"People are fascinated by them. Everywhere I go people look at them and says how gorgeous they are. Lots of people come up to me and say: 'I always wanted to have twins'."

Because however familiar we become with those who come in sibling sets, what's special is their strong bond.

When researching her latest book about the nature of twinship, Dr Segal met identical twins Gerry and Mark, who were brought up separately and reunited aged 31. The men - both firefighters - felt they were so alike there was no need to get acquainted.

"Identical twins seem to have that right from the moment they are born," she says. "People are always searching for closeness and camaraderie and complete understanding. Tests show identical twins probably do have the closest social relationships of anyone."


Below is a selection of your comments.

I'm an identical twin and even now at the age of 23 people react strangely - either by asking ridiculous questions or staring in the street. Sometimes I think that people have never seen twins before!
Lee, Northumberland

I'm due to undergo IVF/ICSI next year and I will be asking for single egg transfer to avoid the medical problems associated with multiple pregnancies, a lot of people I know say they would love to carry twins - I can imagine the anxieties expectant mums and dads have carrying just the one let alone the larger risks with carrying more! All babies are special, not just twins and if my treatment works and someone asks me 'how I conceived' Il tell them in the test tube of love!
Katie, Doncaster

My younger brothers are twins (non-identical) and they quite often seem to be thinking the same thing, or will say a really strange thing absolutely simultaneously. One episode that sticks in my mind is a few years ago in a clothes shop when my dad was trying on a rather outlandish sweater and he asked us what we thought about it. At EXACTLY the same time, with the EXACT same intonation and pauses between their words, my brothers replied in unison: "It's a bit...jazzy!" Hardly the stuff of legend but it was very amusing.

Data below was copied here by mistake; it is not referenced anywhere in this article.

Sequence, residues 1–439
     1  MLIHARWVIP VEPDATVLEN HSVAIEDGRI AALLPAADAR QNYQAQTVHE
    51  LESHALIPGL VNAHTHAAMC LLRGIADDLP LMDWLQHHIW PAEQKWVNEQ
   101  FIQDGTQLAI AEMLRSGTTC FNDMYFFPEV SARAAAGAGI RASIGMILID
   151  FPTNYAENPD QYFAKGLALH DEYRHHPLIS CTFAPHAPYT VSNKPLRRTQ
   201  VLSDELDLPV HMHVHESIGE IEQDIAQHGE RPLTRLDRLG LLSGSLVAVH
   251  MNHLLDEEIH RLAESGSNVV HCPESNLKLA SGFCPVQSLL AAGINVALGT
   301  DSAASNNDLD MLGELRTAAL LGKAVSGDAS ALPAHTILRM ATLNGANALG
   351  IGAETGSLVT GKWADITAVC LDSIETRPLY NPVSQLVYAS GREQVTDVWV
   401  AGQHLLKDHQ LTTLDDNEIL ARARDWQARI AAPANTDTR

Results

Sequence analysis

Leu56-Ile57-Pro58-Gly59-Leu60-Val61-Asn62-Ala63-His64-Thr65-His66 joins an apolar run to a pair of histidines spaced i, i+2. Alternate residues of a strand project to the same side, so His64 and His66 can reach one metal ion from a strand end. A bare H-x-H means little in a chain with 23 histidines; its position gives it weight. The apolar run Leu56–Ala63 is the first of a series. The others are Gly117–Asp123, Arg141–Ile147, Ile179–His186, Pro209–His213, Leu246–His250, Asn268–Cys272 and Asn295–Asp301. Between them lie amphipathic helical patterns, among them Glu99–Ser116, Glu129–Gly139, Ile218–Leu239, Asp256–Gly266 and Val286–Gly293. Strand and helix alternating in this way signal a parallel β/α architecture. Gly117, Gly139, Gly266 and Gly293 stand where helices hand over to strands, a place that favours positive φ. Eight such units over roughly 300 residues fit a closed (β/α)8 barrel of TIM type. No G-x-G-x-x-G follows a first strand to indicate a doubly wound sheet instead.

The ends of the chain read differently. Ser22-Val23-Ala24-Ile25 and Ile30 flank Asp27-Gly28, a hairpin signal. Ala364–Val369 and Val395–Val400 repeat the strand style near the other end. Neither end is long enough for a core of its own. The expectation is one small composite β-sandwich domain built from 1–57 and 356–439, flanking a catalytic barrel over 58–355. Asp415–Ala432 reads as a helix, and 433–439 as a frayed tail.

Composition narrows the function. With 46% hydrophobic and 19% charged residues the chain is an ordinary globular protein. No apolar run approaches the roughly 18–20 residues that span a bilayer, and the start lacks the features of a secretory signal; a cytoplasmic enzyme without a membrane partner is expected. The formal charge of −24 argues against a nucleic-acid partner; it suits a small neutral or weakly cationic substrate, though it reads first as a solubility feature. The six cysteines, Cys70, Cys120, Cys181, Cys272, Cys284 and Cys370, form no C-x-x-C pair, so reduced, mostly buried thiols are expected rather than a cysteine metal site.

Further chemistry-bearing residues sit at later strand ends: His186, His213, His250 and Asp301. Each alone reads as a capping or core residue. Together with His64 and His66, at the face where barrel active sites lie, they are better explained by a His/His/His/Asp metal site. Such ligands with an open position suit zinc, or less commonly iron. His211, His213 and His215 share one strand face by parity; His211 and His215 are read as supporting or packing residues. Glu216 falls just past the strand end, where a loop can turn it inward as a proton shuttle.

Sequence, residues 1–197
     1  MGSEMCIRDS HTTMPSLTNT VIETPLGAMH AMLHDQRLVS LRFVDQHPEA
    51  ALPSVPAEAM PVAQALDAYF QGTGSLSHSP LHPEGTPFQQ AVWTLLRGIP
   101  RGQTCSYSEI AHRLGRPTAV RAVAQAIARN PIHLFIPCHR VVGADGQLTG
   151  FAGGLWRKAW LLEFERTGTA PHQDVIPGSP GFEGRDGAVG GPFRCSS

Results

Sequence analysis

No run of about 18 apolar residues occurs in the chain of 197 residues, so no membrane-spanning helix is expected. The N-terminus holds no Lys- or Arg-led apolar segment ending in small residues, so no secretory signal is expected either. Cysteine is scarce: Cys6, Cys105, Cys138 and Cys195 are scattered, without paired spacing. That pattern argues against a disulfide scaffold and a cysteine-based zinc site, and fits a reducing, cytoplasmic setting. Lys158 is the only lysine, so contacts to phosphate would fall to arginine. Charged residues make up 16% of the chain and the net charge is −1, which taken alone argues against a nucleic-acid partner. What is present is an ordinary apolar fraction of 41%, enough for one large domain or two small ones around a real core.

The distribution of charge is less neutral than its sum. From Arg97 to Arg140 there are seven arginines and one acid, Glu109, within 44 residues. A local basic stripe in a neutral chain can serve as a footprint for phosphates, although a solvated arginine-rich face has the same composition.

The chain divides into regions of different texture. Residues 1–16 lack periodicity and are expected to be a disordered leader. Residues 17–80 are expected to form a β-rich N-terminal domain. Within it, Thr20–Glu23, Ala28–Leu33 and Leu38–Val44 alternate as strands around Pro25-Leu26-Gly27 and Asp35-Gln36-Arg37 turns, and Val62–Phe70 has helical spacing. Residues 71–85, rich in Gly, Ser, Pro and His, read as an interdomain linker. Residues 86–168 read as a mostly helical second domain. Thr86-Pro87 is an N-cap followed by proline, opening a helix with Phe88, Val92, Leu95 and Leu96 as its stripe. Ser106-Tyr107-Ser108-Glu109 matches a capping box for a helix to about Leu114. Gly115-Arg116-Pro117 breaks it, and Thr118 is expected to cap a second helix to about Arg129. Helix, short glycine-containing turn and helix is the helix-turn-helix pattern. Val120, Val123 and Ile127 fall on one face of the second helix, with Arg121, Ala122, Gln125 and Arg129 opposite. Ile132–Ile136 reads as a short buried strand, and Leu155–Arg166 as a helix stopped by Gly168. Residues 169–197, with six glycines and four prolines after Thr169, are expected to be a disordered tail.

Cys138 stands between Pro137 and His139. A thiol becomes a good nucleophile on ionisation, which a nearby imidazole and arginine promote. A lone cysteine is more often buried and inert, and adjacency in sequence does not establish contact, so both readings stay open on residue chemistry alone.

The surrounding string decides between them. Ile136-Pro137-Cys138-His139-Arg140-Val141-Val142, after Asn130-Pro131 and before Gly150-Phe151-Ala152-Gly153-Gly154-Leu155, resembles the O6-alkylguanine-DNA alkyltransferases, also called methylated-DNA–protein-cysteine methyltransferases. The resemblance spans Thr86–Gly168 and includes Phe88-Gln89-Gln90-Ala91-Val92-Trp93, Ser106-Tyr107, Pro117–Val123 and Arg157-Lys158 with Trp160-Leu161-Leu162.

Neill, Dublin

As far as I am concerned multiple births of two or more children as a result of IVF cannot in any way be compared with identical twins, triplets etc. These children are still special as they are a result of one egg splitting and grow up looking identical. Multiple birth children merely look like brothers and sisters.
Jan, Croydon UK

I am an identical twin and in my experience people treat twins as two halves of a whole rather than separate individuals. My twin and I have had to fight harder to be seen as independent individuals - which explains why we have chosen completely different careers.
Leigh, Belfast, N. Ireland

I have a twin brother and produced twins (non-identical) myself thirty years ago. There is nothing special about twins just alot of very hard work.
Janet, Guildford

My mother was one of three identical girls born in the 1940s in the Midlands. She tells me that her mother grew so large late in pregnancy that people would stop her in the street to tell her she would never survive labour. Nice. Understandably she stopped leaving the house. Mother and daughters all survived and family photos certainly look very strange compared to other peoples.
Erica Nolan, Mountain View California

It may sound trite but I firmly believe all children are special and a wonderful gift we should treasure. I am a mum of three boys, non-identical twins and a singleton. I love all three of my lads and am thankful for each of them; their similarities and their individuality.
Katherine Gee, Christchurch, New Zealand

I have boy/girl twins who are 4. I also have 2 older daughters [not twins] so I can do a small comparison. I think there is something really special about twins [even those from IVF such as mine]; perhaps because they always have a playmate and never suffer from birth-order issues, have always had to share toys, they really do seem to be socially advanced - and I think there is medical research that shows this in general. That's an important reason not to limit IVF implantation to one embryo!
Steve, Stonington, Connecticut